Travel Solutions: Expedia promised a refund last October, but where is it? | Travel


Q: I booked a KLM flight through Expedia last year. KLM canceled the flight due to COVID in October.

Expedia told me to wait 12 weeks for a refund. When no refund arrived, I contacted Expedia. Expedia claims that KLM reimbursed me, even though I paid Expedia. KLM claims to have reimbursed Expedia, which should then have reimbursed me.

After a few back and forths, Expedia told me to contact my bank. I contacted Chase, my credit card company, to dispute the charge, but it was too late.

Expedia has stopped responding to my refund requests. I have proof of all communications. I would like Expedia to reimburse me for the cost of the flight. I’m out of options since Expedia, KLM and Chase said they couldn’t do anything. Can you help me get my $427 back? ─ Eric Aird, Zürich, Switzerland

A: You should have received a prompt refund. Department of Transportation regulations govern your ticket if you used Expedia in the United States. The rules require the airline to issue a refund within seven business days if you paid by credit card and within 20 days if you paid by cash or check. Europe has similar rules.

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I have reviewed the paper trail between you and the various parties ─ Expedia, Chase and KLM. What a tangled web. You’re right, they blame each other.

So who is ultimately responsible for your reimbursement? Your online travel agency, Expedia. He took your money and agreed to act as your agent for the purchase of the flight. After KLM canceled your flight, Expedia should have made sure you had a super-fast refund. He shouldn’t have passed you off as KLM.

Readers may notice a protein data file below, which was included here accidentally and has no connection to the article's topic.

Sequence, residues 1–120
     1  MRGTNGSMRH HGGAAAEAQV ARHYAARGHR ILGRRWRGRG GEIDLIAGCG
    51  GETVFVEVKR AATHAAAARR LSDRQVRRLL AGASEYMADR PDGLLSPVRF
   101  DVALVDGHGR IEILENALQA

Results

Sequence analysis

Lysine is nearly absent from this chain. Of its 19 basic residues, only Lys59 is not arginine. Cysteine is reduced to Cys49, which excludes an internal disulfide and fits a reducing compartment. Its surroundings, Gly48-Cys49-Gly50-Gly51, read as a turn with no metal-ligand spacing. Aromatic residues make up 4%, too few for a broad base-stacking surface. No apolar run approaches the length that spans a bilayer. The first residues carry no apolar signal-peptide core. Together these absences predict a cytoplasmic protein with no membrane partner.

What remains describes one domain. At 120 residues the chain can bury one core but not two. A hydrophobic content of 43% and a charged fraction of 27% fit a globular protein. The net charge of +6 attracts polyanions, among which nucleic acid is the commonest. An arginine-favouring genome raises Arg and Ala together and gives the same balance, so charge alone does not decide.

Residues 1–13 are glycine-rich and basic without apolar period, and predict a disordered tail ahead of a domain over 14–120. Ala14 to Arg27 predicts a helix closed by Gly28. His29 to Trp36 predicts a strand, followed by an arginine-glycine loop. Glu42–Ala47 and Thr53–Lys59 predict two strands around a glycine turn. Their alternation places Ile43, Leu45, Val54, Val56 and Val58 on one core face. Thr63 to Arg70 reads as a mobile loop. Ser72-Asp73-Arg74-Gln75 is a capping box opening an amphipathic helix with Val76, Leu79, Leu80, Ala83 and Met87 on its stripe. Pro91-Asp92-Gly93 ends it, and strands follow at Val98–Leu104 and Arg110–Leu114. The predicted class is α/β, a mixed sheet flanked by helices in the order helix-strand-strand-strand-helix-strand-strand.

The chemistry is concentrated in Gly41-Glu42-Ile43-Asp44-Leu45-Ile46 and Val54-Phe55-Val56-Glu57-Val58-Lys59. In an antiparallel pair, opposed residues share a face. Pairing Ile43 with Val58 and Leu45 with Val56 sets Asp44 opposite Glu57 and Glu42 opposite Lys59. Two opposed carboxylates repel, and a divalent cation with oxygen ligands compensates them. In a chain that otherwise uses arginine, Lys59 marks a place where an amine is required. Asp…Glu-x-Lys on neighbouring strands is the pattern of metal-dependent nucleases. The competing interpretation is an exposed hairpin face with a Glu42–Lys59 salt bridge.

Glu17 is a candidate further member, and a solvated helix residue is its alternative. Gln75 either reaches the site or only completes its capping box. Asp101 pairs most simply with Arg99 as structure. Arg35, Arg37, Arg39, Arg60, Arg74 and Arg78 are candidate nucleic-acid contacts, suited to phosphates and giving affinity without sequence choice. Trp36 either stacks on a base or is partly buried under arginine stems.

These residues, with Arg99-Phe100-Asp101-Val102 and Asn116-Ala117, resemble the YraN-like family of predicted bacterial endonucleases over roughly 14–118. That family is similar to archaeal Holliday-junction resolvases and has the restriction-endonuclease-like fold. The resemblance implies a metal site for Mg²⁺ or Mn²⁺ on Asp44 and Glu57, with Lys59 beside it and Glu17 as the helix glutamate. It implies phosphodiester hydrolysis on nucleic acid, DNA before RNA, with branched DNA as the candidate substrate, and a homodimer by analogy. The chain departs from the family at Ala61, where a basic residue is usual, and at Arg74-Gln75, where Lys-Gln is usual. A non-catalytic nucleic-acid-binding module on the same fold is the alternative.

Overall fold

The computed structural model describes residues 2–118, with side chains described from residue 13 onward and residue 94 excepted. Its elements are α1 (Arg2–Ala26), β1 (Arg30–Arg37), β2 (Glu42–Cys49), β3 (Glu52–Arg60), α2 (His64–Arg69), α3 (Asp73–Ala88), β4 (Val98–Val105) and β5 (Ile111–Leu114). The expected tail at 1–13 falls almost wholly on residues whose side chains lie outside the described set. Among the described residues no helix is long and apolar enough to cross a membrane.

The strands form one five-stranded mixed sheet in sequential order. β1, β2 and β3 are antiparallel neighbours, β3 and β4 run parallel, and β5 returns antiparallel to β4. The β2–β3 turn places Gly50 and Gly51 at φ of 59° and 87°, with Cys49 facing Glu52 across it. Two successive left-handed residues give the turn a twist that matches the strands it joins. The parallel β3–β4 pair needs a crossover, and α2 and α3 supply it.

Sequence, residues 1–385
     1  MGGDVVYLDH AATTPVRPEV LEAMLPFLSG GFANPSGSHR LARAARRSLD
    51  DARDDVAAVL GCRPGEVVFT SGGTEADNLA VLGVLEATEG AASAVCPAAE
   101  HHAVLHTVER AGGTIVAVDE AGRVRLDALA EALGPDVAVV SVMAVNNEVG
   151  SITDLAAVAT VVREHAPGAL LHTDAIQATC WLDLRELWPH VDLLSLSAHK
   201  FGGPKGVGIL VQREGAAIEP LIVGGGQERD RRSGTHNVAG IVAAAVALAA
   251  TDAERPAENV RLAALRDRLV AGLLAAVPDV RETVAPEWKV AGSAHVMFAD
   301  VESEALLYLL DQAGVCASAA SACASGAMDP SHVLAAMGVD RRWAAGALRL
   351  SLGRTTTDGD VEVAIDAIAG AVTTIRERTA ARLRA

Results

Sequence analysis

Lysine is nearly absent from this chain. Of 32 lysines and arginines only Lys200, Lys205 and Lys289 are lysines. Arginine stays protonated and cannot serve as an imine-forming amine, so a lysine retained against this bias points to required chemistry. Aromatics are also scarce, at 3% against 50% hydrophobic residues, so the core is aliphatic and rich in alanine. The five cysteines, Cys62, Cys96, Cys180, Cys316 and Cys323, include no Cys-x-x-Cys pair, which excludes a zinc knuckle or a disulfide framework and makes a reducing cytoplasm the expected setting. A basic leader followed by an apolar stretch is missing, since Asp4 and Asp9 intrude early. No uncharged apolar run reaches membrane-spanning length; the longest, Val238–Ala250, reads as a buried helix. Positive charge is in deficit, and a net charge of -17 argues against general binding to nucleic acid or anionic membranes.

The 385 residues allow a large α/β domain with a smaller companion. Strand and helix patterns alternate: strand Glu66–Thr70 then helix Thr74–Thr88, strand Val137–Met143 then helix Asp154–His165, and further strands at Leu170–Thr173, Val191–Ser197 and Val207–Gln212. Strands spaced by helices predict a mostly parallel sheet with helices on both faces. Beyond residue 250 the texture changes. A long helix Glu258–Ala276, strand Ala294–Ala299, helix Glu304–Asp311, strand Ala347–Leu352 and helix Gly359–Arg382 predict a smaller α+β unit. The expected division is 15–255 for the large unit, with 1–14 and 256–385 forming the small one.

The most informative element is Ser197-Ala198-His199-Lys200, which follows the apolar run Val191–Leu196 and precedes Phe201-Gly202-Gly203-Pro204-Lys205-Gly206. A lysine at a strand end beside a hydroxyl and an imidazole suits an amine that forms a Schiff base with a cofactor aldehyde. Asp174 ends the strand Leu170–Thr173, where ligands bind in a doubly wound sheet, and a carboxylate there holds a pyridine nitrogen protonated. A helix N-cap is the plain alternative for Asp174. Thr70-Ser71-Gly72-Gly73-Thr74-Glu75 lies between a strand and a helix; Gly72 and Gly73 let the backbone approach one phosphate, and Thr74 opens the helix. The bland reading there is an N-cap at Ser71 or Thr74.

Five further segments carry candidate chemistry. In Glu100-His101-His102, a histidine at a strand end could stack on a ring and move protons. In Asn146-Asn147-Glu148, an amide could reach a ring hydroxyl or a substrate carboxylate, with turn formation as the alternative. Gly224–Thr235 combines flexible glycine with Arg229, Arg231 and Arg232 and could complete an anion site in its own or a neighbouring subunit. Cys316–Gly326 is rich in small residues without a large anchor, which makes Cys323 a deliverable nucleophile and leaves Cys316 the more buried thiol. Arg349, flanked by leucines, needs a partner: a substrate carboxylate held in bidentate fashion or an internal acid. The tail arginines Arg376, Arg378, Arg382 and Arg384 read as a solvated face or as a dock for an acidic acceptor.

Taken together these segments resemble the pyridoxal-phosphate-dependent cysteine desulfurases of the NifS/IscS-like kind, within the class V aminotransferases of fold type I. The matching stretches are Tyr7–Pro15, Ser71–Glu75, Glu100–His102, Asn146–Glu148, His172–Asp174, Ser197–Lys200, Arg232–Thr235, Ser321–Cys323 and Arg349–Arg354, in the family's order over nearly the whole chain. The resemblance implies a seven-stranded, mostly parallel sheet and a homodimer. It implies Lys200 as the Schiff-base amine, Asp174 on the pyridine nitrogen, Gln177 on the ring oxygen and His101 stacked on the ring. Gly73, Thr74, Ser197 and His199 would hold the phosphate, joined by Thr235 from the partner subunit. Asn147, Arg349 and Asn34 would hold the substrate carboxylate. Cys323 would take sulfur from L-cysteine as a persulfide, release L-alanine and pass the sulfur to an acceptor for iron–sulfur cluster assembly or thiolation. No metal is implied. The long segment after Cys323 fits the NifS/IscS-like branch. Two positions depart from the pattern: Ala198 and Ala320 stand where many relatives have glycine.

And what about your credit card? A Chase representative told you that too much time had passed between your purchase and your refund request. It’s absurd. Credit card companies can help their customers if they want to, but they choose to cut off all requests after 60 days. They claim the Fair Credit Billing Act, the law that protects credit card customers, will not allow them to dispute claims that are more than two months old. But the law does not prevent banks from dealing with older disputes.

A short polite email to Expedia might have done the trick for you. I would have forwarded all your correspondence with a polite cover letter to one of the Expedia executive contacts I list on my consumer advocacy site at If that didn’t work, you could have contacted KLM. I also publish their executive contacts. at

I contacted Expedia on your behalf. “My agents have confirmed that the refund has now been processed and the customer has been notified,” an Expedia representative told me. “It appears the delay was due to agent error, so we apologized to the customer and added a $100 voucher to the traveler’s Expedia account for the inconvenience.”

Christopher Elliott is the ombudsman for National Geographic Traveler magazine. You can read more travel tips on his blog, elliott.orgor email him at [email protected]

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